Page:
Grace is back on dry land after trust trip

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After four months and 2400 nautical miles, Moonspray returned to Largs, to mark the finish of the Ellen MacArthur Cancer Trust’s Round Britain 2017 voyage.

Since leaving the west coast on May 20, 125 young people in recovery from cancer have been involved in this national relay and seen the support the Trust can offer following their treatment for cancer.

Launched by the yachtswoman in 2003, the Ellen MacArthur Cancer Trust is a national charity that rebuild confidence after cancer, using sailing to support, empower and inspire young people aged 8-24 in embracing their future with optimism.

The trust decided to embark on this ambitious national project as a celebration of recovery, achievement and potential of past, present and future young people the trust support.

The Ellen MacArthur Cancer Trust is unique in that it offers the young people long term support for as long as they need it with many then choosing to return as volunteers.

Newton Mearns’ Grace Cameron (22) is part of the crew bringing the boat home to Largs, having taken part in Leg 3 from Oban to Inverness in June.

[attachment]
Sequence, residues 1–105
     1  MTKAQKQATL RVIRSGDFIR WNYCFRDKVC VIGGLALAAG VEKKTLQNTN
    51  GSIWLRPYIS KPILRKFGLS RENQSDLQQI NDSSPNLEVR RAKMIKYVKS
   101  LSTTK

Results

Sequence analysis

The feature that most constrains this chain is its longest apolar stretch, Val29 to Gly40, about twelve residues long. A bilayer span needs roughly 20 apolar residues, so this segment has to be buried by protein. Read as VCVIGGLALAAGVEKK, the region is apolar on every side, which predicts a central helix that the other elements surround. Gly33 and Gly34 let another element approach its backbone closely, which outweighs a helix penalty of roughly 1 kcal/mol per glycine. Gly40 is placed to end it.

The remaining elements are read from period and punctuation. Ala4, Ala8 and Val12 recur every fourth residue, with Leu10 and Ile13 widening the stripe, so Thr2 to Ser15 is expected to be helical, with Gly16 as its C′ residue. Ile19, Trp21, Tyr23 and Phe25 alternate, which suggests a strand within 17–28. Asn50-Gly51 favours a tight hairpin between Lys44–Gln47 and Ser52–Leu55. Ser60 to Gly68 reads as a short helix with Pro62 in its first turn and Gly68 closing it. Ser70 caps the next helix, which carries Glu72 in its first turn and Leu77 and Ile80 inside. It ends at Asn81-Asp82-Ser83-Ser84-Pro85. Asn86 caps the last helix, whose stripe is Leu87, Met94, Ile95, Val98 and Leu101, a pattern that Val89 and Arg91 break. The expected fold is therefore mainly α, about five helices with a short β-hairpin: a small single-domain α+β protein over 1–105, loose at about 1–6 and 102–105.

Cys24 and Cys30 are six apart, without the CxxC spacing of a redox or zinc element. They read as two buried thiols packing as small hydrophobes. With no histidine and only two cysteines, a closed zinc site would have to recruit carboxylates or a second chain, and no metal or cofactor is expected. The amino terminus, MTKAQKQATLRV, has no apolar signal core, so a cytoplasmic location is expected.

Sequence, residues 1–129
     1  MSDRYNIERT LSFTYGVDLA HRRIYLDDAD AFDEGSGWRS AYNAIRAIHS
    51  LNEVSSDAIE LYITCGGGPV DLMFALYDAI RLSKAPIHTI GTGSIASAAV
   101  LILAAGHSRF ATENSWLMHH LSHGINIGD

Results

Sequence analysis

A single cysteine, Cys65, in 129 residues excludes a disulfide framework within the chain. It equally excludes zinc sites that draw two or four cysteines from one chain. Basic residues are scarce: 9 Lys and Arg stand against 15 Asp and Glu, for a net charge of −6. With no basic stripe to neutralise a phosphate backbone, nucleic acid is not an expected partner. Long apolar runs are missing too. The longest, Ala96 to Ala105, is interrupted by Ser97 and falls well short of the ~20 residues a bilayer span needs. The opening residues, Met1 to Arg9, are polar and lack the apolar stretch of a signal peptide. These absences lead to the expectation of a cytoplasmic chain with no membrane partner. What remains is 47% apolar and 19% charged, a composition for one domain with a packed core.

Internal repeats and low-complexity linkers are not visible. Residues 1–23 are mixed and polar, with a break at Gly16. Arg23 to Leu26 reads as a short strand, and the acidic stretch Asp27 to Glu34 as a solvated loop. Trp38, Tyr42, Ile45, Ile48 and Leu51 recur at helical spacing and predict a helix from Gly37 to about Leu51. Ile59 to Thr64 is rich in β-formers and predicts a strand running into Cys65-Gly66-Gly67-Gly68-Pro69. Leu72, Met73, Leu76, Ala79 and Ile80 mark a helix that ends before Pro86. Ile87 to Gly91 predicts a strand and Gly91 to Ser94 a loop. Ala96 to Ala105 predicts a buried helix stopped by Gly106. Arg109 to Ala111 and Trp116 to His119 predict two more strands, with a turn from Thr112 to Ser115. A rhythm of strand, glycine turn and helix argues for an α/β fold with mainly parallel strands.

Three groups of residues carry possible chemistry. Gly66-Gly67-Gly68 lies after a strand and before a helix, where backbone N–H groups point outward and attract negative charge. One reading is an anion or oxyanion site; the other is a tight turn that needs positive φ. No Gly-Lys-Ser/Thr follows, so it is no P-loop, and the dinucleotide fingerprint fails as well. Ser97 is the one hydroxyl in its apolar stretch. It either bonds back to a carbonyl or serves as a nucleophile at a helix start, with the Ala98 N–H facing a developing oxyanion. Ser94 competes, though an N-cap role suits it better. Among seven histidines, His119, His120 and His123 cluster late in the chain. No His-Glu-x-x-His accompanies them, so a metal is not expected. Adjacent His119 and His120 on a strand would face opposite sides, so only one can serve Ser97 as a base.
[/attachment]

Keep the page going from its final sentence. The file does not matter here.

Grace enjoyed her first trust trip last year after treatment for Hodgkins Lymphoma at the Beatson West of Scotland Cancer Centre.

She said: “Seeing dolphins swim alongside the boat when we were going through the Moray Firth was amazing.

“I also got to helm, which was really cool, and got the hang of how much to steer. It was really nice to meet new people and chat about their experiences. The more people you meet the better your experiences are.”

Amongst the many Round Britain highlights are the crews navigating across the Caledonian Canal, sailing through Tower Bridge on the Thames, enjoying the buzz of Cowes Week and being in the thick of the thrilling Cardiff Extreme Sailing Series action.

In addition, during the voyage stopovers the crews have visited 13 hospitals around the country, to meet other young people still undergoing treatment to inspire them in seeing what is possible after cancer.

Up to five different young people joined the Round Britain crew for each leg, while three of the full-time crew have also been through treatment and benefited from trust support.

Through the campaign #tell9people, and by sharing the stories of the young people taking part, Round Britain 2017 aims to raise awareness of the trust’s work both publicly and within the hospitals and medical support networks around the country.

To find more about the Ellen MacArthur Cancer Trust’s campaign, visit www.ellenmacarthurcancertrust.org.